Witt: There is no value in not hearing

Published 12:58 pm Tuesday, June 13, 2017

There is an unsettling trend afoot in the country now, a trend which is seeing college and university campuses denying speakers and canceling speaker engagements because of (primarily) student outcries about ‘offensive’ speech.

Let’s be completely clear.

One, such campuses have traditionally been the bedrock locations where unpopular or unconventional ideas have been freely aired, where developing adults can be exposed to a vast array of ideas and content and two, there is no God-given or Constitutional right for anyone to be protected from what one might construe as ‘offensive’ ideas or comments.

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There are also numerous reasons why unpopular speech should not be pre-censored.

First, who decides what is offensive? A small group of students? Their professors? The administration? Perhaps the worst current example of single-purpose censorship can be found in North Korea, by a despot who is not reluctant to imprison — and occasionally execute — anyone speaking against his regime.

Second, what is the criteria for unacceptable speech? Does the criteria change without notice? Is it the same for everyone? Who must be offended in order for the speech to be circumscribed?

Third, as much as speakers have a license to free speech, there is an associated license to HEAR. Those who would censor speakers for hateful speech deprive others who have every right to listen, for whatever reason.

Fourth, suppose the listener or the one seeking to censor is partially wrong? Will that listener not be further educated by hearing an opinion contrary to his or her own?

Fifth, the listener may be completely wrong. Imagine the value of completely changing an opinion which has been erroneously held.

Sixth, there is a possibility of learning something completely new. Even if the new knowledge is not in agreement with beliefs held by the listener, it will serve to strengthen the arguments against what is heard. There is no value in not hearing. It is impossible to formulate a defense against an idea which has not been exposed.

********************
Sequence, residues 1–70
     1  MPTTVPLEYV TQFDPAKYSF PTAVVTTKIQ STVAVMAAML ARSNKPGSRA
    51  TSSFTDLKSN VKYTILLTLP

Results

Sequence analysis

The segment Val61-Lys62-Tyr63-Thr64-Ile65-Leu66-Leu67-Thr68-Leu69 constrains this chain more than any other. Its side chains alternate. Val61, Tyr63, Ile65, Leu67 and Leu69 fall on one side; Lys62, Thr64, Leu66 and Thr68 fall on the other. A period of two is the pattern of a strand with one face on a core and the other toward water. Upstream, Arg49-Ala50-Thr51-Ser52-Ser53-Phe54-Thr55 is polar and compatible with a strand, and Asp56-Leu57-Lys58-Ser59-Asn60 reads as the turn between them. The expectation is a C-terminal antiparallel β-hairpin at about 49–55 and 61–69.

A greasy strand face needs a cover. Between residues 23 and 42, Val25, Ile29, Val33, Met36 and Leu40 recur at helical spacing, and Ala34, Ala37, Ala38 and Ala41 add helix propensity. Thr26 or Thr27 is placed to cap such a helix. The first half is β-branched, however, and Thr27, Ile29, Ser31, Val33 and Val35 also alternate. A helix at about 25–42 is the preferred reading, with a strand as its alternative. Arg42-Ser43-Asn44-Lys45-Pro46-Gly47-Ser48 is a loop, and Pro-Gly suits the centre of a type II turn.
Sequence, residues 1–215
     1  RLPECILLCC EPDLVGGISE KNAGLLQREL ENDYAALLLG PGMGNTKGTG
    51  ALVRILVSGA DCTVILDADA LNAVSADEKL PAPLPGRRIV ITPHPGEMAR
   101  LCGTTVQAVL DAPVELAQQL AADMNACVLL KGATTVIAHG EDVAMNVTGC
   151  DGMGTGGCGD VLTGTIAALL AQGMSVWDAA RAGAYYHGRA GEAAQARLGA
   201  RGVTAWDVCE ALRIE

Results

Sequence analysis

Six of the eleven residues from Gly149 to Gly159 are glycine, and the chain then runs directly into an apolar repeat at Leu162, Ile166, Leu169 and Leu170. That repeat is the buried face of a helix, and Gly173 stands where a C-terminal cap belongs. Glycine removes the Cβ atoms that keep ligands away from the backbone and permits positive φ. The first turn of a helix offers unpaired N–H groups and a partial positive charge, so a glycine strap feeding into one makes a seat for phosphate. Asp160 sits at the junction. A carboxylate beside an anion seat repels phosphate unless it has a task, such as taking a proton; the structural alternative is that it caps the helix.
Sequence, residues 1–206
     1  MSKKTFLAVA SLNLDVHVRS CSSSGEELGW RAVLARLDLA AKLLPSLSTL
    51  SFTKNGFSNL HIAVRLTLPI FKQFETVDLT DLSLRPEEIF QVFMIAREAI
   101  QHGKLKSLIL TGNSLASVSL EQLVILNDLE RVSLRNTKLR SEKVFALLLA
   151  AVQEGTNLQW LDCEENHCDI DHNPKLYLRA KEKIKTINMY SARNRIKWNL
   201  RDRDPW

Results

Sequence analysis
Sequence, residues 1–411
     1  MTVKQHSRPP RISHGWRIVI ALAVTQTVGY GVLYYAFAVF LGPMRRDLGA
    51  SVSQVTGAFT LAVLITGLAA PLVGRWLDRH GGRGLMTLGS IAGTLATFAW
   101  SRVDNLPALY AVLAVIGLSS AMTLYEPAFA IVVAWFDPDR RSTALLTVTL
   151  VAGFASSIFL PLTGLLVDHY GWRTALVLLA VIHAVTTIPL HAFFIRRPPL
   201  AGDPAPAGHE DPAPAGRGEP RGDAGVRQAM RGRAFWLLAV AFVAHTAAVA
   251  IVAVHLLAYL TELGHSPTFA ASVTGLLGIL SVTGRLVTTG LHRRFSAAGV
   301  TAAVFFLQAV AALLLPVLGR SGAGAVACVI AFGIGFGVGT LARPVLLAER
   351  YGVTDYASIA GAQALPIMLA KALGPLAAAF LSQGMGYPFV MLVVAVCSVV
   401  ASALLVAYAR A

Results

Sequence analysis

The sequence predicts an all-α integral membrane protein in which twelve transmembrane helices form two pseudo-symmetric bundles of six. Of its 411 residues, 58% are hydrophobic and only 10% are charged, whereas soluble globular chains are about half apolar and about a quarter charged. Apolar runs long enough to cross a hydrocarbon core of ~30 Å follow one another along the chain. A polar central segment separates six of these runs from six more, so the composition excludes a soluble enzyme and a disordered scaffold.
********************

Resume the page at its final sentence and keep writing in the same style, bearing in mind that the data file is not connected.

Seventh, by listening, everyone who does so gets better at evaluating content and argument. Continual listening is like art; the more one does it, the better he or she will get at it and the more adept will they become at combating erroneous information.

Eighth, pre-censorship is a no-win situation. If one person or group succeeds at censorship today, what is the guarantee that their opposition will not prevail in censoring that person or group in the future, even to using the same arguments for doing so.

The power of ideas is what moves a civilization forward and ideas which can withstand harsh examination are the ones most valuable.

There is an old saying: the strongest steel is tempered in the hottest fire.

So it is with ideas. History has proven it time and again as we have seen untenable expressions fall by the wayside to powerful counterargument.

Students, faculty, administration have every right to decry the ideas of those invited to their campuses, to demonstrate against them, but they have no right to silence them. By doing so, they are sowing the seeds of their own disenfranchisement.

Supreme Court Justice Louis Brandeis stated: “It is the function of speech to free men from the bondage of irrational fears.” Surely the freedom of speech can be seen as a prelude to the freedom from bondage.

Chuck Witt is a retired architect and a lifelong resident of Winchester. He can be reached at chuck740@bellsouth.net.